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My father spoke in proverbs, but for many years I did not notice. Only after I completed my graduate studies in folklore and began teaching, did I become aware of the idioms in his conversation. Without being a religious person he interlaced his anecdotes and narratives with proverbs, biblical verses, and parables from the talmuds. I began to pay attention. A few years later, when I visited my parents in Israel, my father, who was a construction worker, told me that in retirement he tried to make a business deal but failed. Yet in spite of his naiveté in such matters, he came through that experience unscathed. "The Lord protects the simple [minded]" (Psalms 116:6). He concluded his story with a touch of self-irony, and then explained, "why 'the simple [minded]'? Because smart people can take care of themselves." When my mother's health declined, he tended to her at home, and at the same time struggled to maintain his regular busy schedule of volunteer activities in several local organizations. Not one to complain openly, he wrote me in a letter the following parable, hardly realizing its history. "A Jew has complained before God about his share of troubles. He complained so much until God got tired of him and showed him the troubles other people in the world had, and told him to select out of these any trouble that would suit him best. After observing all these afflictions the Jew chose his own old troubles—at least with those, he felt, he was familiar."1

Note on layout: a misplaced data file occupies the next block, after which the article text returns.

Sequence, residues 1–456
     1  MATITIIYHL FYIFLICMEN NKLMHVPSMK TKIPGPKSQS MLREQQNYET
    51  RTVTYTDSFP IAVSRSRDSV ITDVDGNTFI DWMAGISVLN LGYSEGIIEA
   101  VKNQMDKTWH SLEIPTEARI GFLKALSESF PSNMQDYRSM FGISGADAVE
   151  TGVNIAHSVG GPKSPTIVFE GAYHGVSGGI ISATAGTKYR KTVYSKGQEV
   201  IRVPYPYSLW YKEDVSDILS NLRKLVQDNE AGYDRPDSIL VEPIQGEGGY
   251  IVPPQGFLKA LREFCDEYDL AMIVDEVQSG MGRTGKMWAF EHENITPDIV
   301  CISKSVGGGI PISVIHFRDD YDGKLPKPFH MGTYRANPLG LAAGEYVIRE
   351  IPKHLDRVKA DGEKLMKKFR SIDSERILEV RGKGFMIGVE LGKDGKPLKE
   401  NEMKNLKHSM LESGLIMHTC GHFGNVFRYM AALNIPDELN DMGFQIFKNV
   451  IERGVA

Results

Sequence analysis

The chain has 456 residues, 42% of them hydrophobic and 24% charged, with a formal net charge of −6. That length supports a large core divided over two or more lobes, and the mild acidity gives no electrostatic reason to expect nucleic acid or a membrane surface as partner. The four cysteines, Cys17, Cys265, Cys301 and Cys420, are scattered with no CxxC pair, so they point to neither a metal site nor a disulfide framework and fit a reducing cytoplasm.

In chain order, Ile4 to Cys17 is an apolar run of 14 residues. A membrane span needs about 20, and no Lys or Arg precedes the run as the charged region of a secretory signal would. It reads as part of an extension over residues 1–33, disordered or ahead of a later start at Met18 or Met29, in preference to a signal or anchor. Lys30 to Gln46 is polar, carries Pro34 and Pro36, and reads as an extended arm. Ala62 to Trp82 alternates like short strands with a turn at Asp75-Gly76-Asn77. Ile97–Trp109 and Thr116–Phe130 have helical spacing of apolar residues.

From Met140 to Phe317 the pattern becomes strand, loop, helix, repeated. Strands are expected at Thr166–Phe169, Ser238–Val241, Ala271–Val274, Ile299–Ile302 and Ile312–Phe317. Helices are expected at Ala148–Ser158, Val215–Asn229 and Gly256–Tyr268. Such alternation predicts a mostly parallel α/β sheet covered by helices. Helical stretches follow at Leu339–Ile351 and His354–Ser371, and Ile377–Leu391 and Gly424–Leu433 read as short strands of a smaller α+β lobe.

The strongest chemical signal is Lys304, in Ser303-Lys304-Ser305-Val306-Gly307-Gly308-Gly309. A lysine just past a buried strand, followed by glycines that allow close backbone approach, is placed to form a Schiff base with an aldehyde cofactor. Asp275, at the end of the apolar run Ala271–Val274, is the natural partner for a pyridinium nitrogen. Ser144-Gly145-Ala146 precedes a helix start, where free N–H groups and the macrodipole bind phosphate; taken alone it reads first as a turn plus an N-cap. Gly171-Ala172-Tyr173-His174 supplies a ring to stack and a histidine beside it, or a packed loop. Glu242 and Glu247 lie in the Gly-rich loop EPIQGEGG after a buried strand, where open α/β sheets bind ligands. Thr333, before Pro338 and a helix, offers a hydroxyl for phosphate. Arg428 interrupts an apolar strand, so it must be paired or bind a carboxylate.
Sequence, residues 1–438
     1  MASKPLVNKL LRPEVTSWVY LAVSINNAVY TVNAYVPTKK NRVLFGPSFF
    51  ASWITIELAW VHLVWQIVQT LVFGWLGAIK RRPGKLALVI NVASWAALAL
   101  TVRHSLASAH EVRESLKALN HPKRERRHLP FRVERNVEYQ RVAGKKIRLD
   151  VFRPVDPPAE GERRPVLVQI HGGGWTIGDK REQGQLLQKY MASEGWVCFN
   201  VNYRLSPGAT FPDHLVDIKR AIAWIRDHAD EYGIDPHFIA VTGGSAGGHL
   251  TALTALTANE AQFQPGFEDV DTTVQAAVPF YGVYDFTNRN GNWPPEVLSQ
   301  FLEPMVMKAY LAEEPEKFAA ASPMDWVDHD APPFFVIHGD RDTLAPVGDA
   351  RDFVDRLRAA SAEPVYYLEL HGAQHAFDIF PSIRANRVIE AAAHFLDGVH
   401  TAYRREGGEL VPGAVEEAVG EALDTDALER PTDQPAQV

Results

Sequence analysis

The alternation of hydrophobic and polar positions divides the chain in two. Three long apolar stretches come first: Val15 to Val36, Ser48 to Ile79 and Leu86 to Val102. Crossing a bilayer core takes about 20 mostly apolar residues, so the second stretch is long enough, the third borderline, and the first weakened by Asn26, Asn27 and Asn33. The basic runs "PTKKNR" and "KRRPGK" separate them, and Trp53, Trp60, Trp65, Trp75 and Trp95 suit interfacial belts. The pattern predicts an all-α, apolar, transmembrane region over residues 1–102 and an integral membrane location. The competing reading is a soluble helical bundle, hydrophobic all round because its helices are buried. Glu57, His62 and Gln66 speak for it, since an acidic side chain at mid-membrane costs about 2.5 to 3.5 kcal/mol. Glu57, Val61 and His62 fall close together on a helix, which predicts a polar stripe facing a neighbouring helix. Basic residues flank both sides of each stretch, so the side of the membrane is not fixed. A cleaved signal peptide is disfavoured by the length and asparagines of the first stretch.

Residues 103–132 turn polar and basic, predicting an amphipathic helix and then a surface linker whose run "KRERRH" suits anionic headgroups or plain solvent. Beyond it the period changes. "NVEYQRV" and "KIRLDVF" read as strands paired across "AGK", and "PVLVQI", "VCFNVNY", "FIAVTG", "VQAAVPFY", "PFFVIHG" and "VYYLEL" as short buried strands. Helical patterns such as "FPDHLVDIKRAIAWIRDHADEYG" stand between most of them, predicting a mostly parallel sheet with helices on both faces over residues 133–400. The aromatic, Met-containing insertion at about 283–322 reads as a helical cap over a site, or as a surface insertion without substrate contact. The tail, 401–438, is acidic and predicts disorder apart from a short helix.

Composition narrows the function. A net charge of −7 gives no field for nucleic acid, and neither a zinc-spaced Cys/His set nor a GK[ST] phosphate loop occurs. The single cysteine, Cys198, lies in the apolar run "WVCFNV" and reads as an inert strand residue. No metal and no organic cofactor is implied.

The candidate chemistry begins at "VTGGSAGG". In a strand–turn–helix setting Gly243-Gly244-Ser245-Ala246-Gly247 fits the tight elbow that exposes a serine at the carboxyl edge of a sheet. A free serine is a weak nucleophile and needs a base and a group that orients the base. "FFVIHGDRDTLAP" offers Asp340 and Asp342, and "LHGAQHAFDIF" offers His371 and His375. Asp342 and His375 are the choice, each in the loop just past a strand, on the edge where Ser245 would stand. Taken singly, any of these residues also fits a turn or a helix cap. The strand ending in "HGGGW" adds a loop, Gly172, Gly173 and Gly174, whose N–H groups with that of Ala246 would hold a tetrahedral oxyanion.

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Originally published in Proverbium © 1995 University of Vermont Department of German and Russian under a Creative Commons Attribution-NonCommercial-ShareAlike license (CC BY-NC-SA).



Date Posted: 22 September 2017

This document has been peer reviewed.